Dubai, United Arab Emirates (CNN) – Hypertension is one of the known risk factors for the severe disease “Covid-19”, the extent of hospitalization and death. Research has shown that high blood pressure doubles the risk of severe Covid-19, despite full immunization.
Blood pressure is measured in millimeters of mercury, with two numbers, upper or systolic, which represents the maximum pressure in the arteries, and lower or diastolic, which shows the pressure in the arteries when the heart muscle is at rest between beats.
But what is considered high enough on a blood pressure reading to cause this risk? Until now, scientists weren’t sure. But a new study conducted in England and published Wednesday in the journal “PLOS One” answered this question.
“We found that people with diagnosed hypertension had a significantly higher risk of developing Covid-19,” Holly Pavey, lead author of the study and PhD student at the University of Cambridge in the UK, which is funded by the British Heart Foundation, he told CNN. The upper reading has exceeded 150 mmHg, or the lower reading has exceeded 90 mmHg, relative to the target blood pressure (120-129 / 80-89 mmHg). “
Research has found that people with this level of uncontrolled hypertension are more likely to recover and die from the Corona virus, aside from other known risk factors such as age, race or obesity.
The new study is able to delve into this aspect and be more specific due to the inherent integration of the UK National Health Service.
This layer allows for data sharing and access to “accurate data on patients’ long-term blood pressure control,” according to Dr. Joseph Ebbinger, associate professor of cardiology and director of clinical analysis at the Smidt Heart Institute of Cedars-Sinai Medical Center, Los Angeles, American.
Ebbinger, who was not involved in the study, explained that “they found that it was not only related to the diagnosis of hypertension, but also to the increased risk in parallel with high systolic blood pressure, which is a measure of lack of control. . “
Ebinger regrets that many people fail to control their blood pressure properly, even after diagnosing it and taking medication.
“It is estimated that less than half of the people diagnosed with high blood pressure actually have their high blood pressure under control, which is a huge problem,” he explained.
He continued: “This is due to a myriad of factors, including: lack of diagnosis, lack of awareness, non-adherence to medication and inadequate treatment.”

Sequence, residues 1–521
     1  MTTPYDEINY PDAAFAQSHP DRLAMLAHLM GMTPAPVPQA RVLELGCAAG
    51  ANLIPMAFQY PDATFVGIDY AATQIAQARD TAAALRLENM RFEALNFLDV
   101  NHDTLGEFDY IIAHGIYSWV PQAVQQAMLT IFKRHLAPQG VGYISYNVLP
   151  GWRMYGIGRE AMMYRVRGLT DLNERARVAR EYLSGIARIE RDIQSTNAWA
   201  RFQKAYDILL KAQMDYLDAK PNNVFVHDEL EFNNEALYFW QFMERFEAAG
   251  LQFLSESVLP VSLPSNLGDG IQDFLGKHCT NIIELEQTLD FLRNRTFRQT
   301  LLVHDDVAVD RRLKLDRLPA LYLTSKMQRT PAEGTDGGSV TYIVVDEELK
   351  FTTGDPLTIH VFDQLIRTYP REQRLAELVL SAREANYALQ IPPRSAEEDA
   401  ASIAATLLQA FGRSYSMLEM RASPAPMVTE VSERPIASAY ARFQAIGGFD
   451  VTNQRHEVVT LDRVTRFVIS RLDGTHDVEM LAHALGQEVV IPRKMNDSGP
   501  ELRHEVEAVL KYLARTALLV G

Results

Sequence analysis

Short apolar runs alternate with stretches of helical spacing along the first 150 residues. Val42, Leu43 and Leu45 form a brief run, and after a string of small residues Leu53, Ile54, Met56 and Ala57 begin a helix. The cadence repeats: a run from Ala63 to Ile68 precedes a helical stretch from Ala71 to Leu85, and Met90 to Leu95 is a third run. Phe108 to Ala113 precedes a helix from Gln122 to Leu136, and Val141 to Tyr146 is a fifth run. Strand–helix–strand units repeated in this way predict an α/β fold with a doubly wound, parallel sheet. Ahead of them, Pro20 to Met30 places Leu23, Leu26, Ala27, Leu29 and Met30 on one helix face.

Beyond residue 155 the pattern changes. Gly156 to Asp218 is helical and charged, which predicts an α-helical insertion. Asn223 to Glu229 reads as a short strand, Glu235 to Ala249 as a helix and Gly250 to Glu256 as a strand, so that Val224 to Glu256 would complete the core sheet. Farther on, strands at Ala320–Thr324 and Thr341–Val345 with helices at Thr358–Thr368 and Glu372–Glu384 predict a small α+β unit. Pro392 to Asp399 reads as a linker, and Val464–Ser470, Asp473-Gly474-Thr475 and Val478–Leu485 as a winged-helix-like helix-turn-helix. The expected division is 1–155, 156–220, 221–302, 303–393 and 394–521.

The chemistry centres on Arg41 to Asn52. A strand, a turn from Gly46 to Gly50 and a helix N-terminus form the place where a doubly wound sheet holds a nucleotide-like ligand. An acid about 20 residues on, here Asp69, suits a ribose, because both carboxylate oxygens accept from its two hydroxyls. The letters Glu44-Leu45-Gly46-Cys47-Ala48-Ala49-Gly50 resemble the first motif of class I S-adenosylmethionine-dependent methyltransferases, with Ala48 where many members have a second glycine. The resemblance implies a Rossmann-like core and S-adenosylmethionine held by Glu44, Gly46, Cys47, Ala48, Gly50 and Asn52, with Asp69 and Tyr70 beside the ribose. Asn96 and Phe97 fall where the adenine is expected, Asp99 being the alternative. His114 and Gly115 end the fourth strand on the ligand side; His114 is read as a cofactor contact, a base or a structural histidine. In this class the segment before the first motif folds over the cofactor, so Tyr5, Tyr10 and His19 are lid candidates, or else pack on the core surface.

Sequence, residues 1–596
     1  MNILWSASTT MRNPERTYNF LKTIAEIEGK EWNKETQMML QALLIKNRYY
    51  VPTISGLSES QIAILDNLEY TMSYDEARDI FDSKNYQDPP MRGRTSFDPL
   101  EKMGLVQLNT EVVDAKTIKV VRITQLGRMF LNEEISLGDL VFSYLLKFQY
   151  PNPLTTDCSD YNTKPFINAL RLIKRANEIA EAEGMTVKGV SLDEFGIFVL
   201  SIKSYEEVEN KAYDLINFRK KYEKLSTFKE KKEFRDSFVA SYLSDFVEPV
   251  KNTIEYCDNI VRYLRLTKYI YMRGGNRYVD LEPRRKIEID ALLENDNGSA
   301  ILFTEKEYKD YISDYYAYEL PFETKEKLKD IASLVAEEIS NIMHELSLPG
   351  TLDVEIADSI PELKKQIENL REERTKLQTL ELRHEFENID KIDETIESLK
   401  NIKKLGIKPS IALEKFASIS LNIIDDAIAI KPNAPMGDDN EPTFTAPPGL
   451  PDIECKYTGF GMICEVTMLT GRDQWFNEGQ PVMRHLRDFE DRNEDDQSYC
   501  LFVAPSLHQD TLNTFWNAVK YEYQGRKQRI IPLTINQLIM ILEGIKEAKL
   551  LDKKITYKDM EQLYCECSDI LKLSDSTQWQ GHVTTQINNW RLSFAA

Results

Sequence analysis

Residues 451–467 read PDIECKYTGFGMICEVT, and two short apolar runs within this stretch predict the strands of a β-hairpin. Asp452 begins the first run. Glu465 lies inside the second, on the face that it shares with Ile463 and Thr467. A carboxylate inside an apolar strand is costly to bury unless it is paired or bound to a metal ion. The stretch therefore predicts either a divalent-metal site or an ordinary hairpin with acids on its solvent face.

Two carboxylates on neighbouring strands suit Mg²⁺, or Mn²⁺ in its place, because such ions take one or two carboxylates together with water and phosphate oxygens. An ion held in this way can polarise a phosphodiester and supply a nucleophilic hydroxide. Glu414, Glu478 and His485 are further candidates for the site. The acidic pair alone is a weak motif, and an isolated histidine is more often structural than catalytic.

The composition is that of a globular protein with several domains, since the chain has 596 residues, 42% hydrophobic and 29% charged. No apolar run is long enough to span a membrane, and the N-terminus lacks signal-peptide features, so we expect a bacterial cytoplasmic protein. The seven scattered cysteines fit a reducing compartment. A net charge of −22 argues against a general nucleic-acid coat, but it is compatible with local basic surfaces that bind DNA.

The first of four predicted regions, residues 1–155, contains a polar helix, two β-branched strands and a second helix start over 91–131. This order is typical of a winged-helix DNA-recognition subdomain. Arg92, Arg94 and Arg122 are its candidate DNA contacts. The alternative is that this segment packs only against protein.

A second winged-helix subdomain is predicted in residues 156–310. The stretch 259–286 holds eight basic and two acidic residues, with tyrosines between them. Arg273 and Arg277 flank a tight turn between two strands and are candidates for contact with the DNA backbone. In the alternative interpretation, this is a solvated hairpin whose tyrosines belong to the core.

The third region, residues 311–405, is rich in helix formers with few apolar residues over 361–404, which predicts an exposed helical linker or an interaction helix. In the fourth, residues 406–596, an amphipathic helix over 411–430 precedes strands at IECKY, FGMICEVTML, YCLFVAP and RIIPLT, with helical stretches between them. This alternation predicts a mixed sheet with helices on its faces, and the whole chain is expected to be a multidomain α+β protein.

On the bright side, the new study found that success in lowering blood pressure through drugs was associated with a corresponding reduction in the risk of severe Covid-19 infection.
“It is important that blood pressure checks are done regularly and that doctors try to check their patients’ blood pressure,” said Pavey.
He explained that “controlling blood pressure to reach target levels is important, regardless of the type of treatment used to achieve this goal,” adding that “ultimately, controlling blood pressure will help reduce the risk of severe suffering from new strains of Covid-19 “. , or other viruses in the future. “.
An introductory guide to blood pressure
The US Centers for Disease Control and Prevention report that “normal” blood pressure readings are generally between 120 mmHg systolic (the upper reading) and 80 mmHg diastolic (the lower reading).
Ebbinger said you’ll likely hear this number often. However, this may not be the number your doctor goes to for treatment.
He explained that doctors used to target a blood pressure reading below 140/90 to control the risk of cardiovascular disease and death. Then, in 2015, the results of the SPRINT test, or systolic blood pressure intervention test, published in the New England Journal of Medicine, changed the thinking of many medical professionals.
The SPRINT study found that targeting a blood pressure below 120 systolic (the highest number) among people with high blood pressure who did not have diabetes reduced most cases of heart disease and death. However, there were some side effects, according to the study, including “a higher incidence of kidney damage or acute kidney failure in the intensive treatment group.”
Ebinger pointed out that this possibility is of concern when it comes to the elderly, who often suffer from multiple chronic diseases such as type 2 diabetes, and concerns about kidney disease, among others.
“Therefore, guidelines from the American College of Cardiology and the American Heart Association closed the gap in 2017 by establishing guidelines for a systolic reading below 130 and a diastolic reading below 80,” continued Ebbinger. This premise has sparked some controversy among doctors. I think the lower level is better. We want to reduce that number as much as possible. “
The following are the current medical guidelines recommended by the U.S. Food and Drug Administration:
- A normal normal blood pressure is 120/80 or lower.
- Between 120/80 and 129/89 it is classified as prehypertension, which means that blood pressure is not as low as it should be, but it is not medically high.
- 130/80 is considered an early warning, rated stage 1 high.
- 140/90 or higher is considered stage 2 blood pressure.
- 180/110 or higher, when this blood pressure is recorded more than once, the patient should immediately consult a doctor.